When rumour surfaced of an "albino" southern right whale calf off the coast of South Africa's Western Cape, some speculated it was the very same youngster seen in Australian waters early last month. Since these animals are making their way to the icy waters of the Southern Ocean, this wasn't a likely scenario, but aerial photographer Anton Schutte sent his drone in for a closer look. His beautiful footage confirms this is yet another white whale calf.

Like the Australian whale, this youngster is not a true albino; rather, it was born with leucism, a genetic disorder that results in a partial lack of pigment. It appears healthy, and even engaged in a bit of playful tail-lobbing with mom before heading farther out to sea.  

"Any time that someone gets to be in the presence of these magnificent creatures, it is truly life-changing,” recalls Schutte. "It sticks with you forever, and seeing them from the drone prospective is a whole new amazing experience."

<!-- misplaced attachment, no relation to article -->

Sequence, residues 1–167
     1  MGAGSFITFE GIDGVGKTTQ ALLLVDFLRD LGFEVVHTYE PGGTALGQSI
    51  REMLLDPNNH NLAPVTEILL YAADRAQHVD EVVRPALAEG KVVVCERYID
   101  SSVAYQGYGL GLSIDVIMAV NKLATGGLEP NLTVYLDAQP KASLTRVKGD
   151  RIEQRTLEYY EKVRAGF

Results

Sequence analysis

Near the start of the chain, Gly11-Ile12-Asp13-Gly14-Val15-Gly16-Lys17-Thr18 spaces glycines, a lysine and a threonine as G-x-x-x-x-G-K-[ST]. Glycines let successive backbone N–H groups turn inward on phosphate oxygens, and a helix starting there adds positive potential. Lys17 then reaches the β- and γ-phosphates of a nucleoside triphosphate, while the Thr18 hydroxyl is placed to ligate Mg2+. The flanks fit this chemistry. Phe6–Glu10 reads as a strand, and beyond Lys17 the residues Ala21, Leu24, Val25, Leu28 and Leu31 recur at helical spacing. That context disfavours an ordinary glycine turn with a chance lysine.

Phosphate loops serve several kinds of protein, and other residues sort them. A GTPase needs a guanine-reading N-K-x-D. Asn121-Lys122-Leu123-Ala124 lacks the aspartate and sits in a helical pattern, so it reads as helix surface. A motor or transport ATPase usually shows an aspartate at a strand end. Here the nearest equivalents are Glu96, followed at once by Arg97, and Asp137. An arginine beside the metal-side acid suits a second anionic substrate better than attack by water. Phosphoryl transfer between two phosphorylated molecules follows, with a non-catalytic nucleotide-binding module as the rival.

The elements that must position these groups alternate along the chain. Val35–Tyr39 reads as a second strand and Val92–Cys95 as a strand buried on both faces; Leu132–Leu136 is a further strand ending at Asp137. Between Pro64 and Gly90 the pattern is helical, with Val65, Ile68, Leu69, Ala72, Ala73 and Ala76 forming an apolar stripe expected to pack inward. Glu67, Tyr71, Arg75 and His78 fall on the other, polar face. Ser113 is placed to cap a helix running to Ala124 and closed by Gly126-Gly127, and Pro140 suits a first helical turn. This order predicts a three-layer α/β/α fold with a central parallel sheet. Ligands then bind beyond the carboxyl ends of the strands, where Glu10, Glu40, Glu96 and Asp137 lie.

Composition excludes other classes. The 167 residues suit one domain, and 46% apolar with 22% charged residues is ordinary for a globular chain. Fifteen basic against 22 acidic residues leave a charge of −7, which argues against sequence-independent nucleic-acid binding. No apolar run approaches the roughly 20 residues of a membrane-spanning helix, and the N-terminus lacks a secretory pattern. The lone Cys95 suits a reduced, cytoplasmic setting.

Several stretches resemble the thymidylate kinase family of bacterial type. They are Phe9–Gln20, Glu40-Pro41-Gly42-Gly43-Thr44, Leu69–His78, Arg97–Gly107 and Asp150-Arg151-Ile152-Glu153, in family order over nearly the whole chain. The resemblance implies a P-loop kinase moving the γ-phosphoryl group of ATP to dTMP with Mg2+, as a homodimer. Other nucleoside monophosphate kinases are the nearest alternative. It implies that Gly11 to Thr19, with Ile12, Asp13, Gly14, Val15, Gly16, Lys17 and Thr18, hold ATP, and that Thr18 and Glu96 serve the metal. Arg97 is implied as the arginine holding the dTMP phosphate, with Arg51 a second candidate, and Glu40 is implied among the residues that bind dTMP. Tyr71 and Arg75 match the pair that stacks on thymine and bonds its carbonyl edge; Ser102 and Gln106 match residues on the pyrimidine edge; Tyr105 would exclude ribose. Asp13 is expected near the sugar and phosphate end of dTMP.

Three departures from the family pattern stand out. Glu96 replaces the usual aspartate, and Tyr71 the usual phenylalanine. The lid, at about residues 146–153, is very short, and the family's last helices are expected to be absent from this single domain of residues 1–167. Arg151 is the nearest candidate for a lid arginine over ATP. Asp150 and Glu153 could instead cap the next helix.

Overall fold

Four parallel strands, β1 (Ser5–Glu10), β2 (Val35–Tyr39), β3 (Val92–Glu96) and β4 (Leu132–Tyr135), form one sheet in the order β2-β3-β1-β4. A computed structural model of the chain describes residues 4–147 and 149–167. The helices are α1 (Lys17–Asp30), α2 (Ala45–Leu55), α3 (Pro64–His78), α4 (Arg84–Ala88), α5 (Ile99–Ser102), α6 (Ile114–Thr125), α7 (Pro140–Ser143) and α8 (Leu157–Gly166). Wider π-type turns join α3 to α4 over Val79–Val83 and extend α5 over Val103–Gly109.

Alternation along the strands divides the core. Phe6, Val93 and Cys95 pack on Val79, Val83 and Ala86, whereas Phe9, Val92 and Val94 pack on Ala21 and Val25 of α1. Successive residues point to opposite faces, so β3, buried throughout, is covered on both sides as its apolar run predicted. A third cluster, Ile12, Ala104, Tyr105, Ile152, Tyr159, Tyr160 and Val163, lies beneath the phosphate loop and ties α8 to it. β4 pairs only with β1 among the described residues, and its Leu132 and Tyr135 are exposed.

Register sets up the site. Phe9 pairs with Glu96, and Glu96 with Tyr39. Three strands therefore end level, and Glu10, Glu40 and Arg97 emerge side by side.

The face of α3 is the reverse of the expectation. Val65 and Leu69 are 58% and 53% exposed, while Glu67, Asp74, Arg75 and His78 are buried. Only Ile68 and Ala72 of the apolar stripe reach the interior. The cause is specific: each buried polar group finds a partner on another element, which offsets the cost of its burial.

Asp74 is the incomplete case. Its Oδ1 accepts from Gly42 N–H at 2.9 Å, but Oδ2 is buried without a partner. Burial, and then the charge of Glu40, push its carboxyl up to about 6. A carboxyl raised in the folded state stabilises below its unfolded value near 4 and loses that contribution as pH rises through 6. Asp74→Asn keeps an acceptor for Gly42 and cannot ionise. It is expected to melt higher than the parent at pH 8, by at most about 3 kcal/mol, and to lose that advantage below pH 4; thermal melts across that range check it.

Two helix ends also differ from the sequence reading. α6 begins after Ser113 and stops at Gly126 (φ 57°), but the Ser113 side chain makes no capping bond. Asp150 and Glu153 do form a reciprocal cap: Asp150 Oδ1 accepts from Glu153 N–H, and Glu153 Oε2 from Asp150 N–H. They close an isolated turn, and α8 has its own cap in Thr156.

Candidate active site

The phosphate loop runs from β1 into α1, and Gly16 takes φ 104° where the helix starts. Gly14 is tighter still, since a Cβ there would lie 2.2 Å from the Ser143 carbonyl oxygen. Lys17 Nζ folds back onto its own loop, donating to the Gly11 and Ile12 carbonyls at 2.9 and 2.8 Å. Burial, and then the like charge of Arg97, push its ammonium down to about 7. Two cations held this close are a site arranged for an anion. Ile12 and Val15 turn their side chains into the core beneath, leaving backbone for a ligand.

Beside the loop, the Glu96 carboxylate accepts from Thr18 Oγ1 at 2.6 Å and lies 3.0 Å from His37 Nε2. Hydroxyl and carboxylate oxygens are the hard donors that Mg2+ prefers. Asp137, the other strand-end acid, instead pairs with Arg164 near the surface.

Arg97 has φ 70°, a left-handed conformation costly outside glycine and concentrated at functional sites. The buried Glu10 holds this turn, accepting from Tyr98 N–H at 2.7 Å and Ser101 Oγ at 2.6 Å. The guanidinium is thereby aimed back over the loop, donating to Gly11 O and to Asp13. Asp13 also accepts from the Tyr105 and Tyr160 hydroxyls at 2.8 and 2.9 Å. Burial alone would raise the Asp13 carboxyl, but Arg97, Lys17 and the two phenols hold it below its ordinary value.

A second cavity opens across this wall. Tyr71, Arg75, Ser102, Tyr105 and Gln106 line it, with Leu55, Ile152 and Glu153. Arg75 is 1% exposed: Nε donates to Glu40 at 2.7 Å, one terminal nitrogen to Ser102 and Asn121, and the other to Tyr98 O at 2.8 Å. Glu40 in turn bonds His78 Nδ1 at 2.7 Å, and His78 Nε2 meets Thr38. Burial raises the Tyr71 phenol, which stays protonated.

The Australian calf (left) and South African calf (right) show distinct marking patterns. Images: Peter Nicholas/Western Australia Parks and Wildlife, Anton Schutte

The question on everyone's mind is why we're suddenly seeing so many white whales. The most likely explanation is actually quite a simple one: they've always been there. In other words, it's not the whales that are changing, it's us. These kinds of genetic mutations are only expressed in a small percentage of newborn right whales, but the ever-growing popularity of aerial drones means we have more eyes on the ocean at any given time. We're statistically far more likely to see this sliver of the cetacean population today than we would have been even just a few years ago. 

"There are not only more drones out there, but also more whale watchers, divers and underwater cameras!" adds whale scientist Dr Joy Reidenberg, who studies comparative anatomy. In all her years of work, Reidenberg has never encountered a white whale, and sightings like these could help researchers learn more about how these conditions affect the ocean giants throughout their lives.


Top header image: Anton Schutte